Next, head to Pump House Station Urban Eatery and Market (you'll need coffee or a drink, promise), before you shop at Tlaquepaque Arts & Shopping Village—pronounced Talah-keh-pah-keh—they're both located in the same courtyard on Highway 179. You'll find art galleries, shops, and restaurants with a free parking lot steps away.
Hillside Sedona, another premier shopping and dining destination, is located on the same road, minutes away.
Favorite coffee spots
Wake me up when the coffee is ready.
^^Pretty much my philosophy if I'm heading out early. ;) To get your caffeine boost in Sedona, try Creekside Coffee, Pump House Station Urban Eatery and Market, and Indian Gardens Cafe & Market.
Creekside Coffee, located on the second story of a tiny strip mall just off the main drag, gives you the option to sip on the patio in movie theatre-style flip seats with up-close views of the glowing red rocks. Drink options include quirky specialties such as the Butter Beer or Baklava Lattes in addition to a regular coffee menu with tea offerings. You'll be back.
Just down the street, the staff at Pump House Station Urban Eatery and Market eagerly awaits. Again, highly recommend patio seating if you can get it—you're greeted by lush grass and enormous Arizona Sycamores that wave in the breeze. While you're there, try the crepes and take in the restaurant's art and decor... so cool and unusual!
Indian Gardens Cafe & Market is a few miles north of Sedona in Oak Creek Canyon. The restaurant-deli sits directly across from Oak Creek, which draws a crowd, has beautiful patio dining with Mexican blankets when temperatures drop, and is a welcome stop to and from Slide Rock State Park or en route to Flagstaff.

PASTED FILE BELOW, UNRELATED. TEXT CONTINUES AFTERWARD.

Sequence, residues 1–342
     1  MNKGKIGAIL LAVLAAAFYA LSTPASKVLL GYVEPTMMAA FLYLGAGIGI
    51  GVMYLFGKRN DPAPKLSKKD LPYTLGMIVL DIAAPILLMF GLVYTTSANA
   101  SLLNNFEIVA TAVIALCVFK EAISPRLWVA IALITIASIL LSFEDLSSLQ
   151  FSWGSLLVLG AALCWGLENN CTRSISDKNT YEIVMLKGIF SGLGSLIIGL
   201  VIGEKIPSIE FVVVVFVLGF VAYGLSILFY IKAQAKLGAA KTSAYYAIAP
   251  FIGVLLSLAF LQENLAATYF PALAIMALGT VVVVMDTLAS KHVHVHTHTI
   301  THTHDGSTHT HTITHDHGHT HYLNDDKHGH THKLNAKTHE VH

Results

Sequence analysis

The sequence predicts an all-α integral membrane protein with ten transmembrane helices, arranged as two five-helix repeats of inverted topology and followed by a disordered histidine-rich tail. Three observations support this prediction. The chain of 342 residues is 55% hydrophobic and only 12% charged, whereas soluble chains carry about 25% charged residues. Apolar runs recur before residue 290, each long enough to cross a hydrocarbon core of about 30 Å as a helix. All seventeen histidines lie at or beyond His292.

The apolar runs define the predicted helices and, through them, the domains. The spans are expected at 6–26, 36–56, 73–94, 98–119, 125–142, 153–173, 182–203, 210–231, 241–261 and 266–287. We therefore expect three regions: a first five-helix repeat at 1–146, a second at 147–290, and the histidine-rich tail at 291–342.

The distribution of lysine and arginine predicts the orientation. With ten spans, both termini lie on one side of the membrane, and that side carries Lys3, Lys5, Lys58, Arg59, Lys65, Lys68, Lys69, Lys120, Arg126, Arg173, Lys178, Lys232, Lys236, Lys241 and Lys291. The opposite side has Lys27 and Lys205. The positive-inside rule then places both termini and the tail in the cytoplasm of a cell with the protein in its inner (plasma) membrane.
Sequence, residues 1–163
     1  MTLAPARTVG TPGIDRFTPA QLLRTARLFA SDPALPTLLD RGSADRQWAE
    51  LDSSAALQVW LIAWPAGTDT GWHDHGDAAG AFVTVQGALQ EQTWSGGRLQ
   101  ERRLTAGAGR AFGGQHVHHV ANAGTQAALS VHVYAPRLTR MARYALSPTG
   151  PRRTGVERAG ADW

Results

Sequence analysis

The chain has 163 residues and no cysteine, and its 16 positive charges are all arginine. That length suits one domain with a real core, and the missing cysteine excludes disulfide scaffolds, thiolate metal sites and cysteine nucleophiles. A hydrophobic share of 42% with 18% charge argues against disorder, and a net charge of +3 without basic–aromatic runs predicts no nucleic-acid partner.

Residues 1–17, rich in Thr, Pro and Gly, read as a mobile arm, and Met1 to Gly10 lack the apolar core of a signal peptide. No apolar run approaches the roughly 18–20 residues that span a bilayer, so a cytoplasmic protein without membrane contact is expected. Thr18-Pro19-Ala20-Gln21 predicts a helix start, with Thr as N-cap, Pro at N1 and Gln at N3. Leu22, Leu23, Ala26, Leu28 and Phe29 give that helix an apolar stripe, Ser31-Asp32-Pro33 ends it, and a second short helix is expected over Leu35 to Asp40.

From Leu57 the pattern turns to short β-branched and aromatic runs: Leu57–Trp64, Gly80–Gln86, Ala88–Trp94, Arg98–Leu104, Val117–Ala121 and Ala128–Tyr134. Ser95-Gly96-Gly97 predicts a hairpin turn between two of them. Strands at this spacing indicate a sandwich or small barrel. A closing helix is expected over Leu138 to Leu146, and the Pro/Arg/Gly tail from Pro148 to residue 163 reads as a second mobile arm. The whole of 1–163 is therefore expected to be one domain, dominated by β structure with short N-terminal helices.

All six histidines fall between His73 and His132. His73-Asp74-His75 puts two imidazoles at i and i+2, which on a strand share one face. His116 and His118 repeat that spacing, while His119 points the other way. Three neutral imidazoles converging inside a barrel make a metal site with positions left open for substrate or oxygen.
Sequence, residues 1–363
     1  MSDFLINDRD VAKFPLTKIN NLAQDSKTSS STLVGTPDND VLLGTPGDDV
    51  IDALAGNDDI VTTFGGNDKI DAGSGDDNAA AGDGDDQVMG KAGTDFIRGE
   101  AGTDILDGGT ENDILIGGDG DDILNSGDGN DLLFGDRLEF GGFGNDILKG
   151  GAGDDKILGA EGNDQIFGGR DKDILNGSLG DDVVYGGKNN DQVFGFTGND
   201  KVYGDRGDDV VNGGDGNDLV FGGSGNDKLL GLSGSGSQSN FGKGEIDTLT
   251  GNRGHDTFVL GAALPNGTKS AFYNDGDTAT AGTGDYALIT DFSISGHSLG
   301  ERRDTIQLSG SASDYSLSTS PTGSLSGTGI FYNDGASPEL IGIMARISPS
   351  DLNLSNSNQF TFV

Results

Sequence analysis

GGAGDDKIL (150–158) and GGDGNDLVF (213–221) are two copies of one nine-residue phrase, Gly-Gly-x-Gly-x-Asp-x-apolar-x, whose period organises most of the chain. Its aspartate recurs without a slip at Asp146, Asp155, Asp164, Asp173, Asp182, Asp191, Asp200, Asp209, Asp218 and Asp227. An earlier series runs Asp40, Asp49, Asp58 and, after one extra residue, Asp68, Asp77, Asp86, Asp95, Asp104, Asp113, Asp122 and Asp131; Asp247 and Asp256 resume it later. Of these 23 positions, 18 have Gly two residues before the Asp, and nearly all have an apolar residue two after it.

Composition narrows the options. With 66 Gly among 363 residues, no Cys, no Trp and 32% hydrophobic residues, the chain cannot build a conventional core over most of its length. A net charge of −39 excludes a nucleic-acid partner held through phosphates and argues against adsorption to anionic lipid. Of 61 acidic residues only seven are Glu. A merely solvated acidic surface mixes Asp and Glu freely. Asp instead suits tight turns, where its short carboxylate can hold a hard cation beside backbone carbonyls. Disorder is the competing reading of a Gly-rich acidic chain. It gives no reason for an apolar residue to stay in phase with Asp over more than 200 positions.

For views, mimosa flights, and ample parking, head to Mesa Grill Sedona at the airport. They offer stellar brunch, lunch, cocktails, and non-alcoholic beverages. (And if you want the cherry on top, go on a helicopter ride to see spectacular views from the air.)
First prize for dinner would be to dine at Elote Cafe. You must be there when the doors open to get a reservation. In fact, try and get there early. While you wait for a table, get one of their famous margaritas and hang out on the patio. Pro tip: check their days and hours of operation in advance—you won't want to miss this experience.
Pisa Lisa has that leopard crust on a wood-fired pizza that makes you drool when it approaches the table. The service is good and they serve gelato. Need I say more?
Although I didn't visit Mariposa Latin Inspired Grill while I was there, locals have mentioned that the South American-inspired, fine-dining establishment should make your list. There you go.
When to visit
Visit in spring or autumn when the temperatures are cooler. If going in summer, the start or end of the season is best.
Where to stay
From the luxurious resort life to dispersed camping, you can have your pick. Here's what I'd recommended regardless of budget.
Three-star hotels and resorts
Arabella Hotel Sedona not only has trail access from the hotel parking lot, but they're also situated adjacent to our best restaurant discovery in Sedona: Elote Cafe. While we waited for our table at Elote, we ordered and sipped margaritas from our patio overlooking the pool and fading sun.
Another find just southeast of Sedona is Poco Diablo Resort. With a spa, tennis court, restaurant, and golf course on the property, you're all set. One autumn afternoon, after a lengthly hike, I gravitated towards the resort pool to relax—yes, please.
Sedona Summit Resort by Diamond Resorts offers rooms with a kitchenette and has outdoor grilling facilities. If you're going on a trip in a group or for a longer stay and would like the chance to cook, this is it. The games room and pool makes for an afternoon or evening well spent. It is also located near restaurant Pisa Lisa. *wink*
With regards to camping, Oak Creek Canyon is beautiful. I'd recommend the Manzanita, Pine Flat, Cave Springs or Chavez Crossing Group Campground (Chavez is a little closer to central Sedona).
If you're interested in safe wild camping options with incredible views, let me know in the comments and I'll contact you will the exact coordinates—we discovered some gems. Most of the dispersed camping locations are on Sedona's west side.
That's it... that's all you need to have an amazing time in Sedona. You can probably stretch the aforementioned ideas into a week if you wanted to but I'm happy to send you off for a weekend knowing that you're prepared for epic experiences.
Have fun and tag me in your adventures on IG: @k_severino.